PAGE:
Faced with tight inventory and high housing prices, the pros and cons between renovating existing homes and buying new ones need to be recalculated.
Since the outbreak of the COVID-19 pandemic, the real estate market has also set off a home buying frenzy. During these turbulent times, buyers looking to relocate have always preferred residential properties that are ready to move in right away. Few people are willing to renovate their homes. This wasn't a common option before the pandemic, and now with supply chain crises and labor shortages, both financial and time costs are an issue.
While two years of relentless price growth, coupled with rising mortgage rates and inflation, have created an unprecedented sensitivity to home prices. Faced with financial constraints and a dearth of quality listings, some potential buyers are trying to figure out if the high cost of a new home is worth it, and renovating an existing home may not be as frustrating as it might seem. More people are now looking to renovate their homes, or in part because of market pressures. For homeowners who have considered buying a new, larger home, upgrading their existing home may now be more cost-effective in terms of financial and overall planning.
Currently, homeowners enjoy a number of benefits when renovating existing homes. For one, loan rates can be much lower, especially when they lock in ultra-low rates of around 2% through refinancing, which some people do. According to NAR's 2022 Remodeling Impact Report released in April, interior renovations such as hardwood floor polishing, wood floor replacement, insulation upgrades, and basement-to-living areas are the most likely to result in The owner recovers the cost and even increases the resale value of the home in the future.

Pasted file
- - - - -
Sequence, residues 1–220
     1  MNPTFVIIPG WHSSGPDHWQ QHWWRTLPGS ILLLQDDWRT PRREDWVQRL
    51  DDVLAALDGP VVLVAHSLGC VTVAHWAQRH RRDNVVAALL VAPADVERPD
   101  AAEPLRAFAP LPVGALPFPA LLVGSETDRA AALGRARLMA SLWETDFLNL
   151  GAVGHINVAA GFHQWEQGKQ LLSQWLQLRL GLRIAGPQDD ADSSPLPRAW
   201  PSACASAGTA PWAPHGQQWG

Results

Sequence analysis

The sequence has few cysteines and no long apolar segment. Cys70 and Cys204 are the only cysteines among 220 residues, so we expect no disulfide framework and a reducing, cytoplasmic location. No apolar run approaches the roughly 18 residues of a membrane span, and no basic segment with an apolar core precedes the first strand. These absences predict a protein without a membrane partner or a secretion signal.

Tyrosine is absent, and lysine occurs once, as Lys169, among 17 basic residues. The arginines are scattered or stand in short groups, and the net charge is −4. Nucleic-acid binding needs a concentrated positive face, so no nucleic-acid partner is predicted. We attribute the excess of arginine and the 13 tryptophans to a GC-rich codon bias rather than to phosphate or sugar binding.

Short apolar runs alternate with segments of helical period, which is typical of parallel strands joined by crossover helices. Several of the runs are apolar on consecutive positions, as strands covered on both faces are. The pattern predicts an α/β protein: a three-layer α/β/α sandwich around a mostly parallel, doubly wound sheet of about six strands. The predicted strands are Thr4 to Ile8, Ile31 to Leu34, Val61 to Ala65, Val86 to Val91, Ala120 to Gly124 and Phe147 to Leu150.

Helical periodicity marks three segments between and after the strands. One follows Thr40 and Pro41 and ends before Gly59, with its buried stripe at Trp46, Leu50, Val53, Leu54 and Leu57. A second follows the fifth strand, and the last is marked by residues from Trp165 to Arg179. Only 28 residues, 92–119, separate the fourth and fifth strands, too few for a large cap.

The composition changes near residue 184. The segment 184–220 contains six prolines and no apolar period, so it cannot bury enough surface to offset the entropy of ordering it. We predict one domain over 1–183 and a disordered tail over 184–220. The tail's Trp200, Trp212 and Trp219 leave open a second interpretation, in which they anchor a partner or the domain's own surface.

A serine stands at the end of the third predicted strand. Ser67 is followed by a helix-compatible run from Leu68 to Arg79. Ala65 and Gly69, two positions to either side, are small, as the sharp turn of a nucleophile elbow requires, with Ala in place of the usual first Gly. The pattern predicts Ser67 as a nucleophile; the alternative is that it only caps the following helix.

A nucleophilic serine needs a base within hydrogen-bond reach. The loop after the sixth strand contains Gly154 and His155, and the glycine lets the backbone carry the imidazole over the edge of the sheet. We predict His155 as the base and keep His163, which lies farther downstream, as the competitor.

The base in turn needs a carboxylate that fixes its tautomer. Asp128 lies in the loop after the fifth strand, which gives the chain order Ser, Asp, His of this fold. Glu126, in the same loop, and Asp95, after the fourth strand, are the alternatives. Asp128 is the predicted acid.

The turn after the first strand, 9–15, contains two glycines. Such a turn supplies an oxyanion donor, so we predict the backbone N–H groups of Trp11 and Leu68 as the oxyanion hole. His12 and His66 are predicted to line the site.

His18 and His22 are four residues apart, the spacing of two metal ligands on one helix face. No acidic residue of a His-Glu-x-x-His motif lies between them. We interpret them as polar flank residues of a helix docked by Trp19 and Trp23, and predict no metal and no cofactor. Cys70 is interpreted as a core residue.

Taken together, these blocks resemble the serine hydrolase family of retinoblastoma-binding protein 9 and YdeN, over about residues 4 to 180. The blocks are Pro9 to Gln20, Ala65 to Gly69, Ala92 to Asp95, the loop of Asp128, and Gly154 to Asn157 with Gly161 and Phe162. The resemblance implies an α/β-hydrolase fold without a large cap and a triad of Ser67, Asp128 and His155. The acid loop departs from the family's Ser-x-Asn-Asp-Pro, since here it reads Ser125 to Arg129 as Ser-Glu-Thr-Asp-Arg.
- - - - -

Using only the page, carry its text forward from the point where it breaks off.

Some clients are not planning to sell their existing home and are considering adding a matching living unit to the homestead. Given current home price levels and competition, this may be a better option than blindly jumping into a bidding war with a crowd vying for a larger home, especially if the cost of buying a new home outweighs the cost of renovations. Prime location is another important factor driving homeowners to renovate existing homes. I've found that many clients would rather invest in rebuilding their homes from scratch than relocate because they can't afford to leave a prime location with views of Sydney Harbour or the beach next to them. While renovations or rebuilding projects can be daunting at times, there are several situations in which it may be wiser than buying a new home.
Perhaps the biggest impetus for more homeowners to renovate existing homes is not just the lack of inventory on the market, but the poor quality of the few listings for sale, which explains the recent surge in house prices. For buyers with a budget of $3 million to $10 million, they have said, 'I'm not going to spend a fortune on a new home that still needs renovations. Frankly speaking, some of the properties for sale are indeed of poor quality, and certainly not to the satisfaction of buyers. This type of buyer always puts quality first. If they feel they can find a way to improve the existing home, even if it takes a year and a half, they will not hesitate to buy a home that someone else has renovated and sold, but the quality is not satisfactory.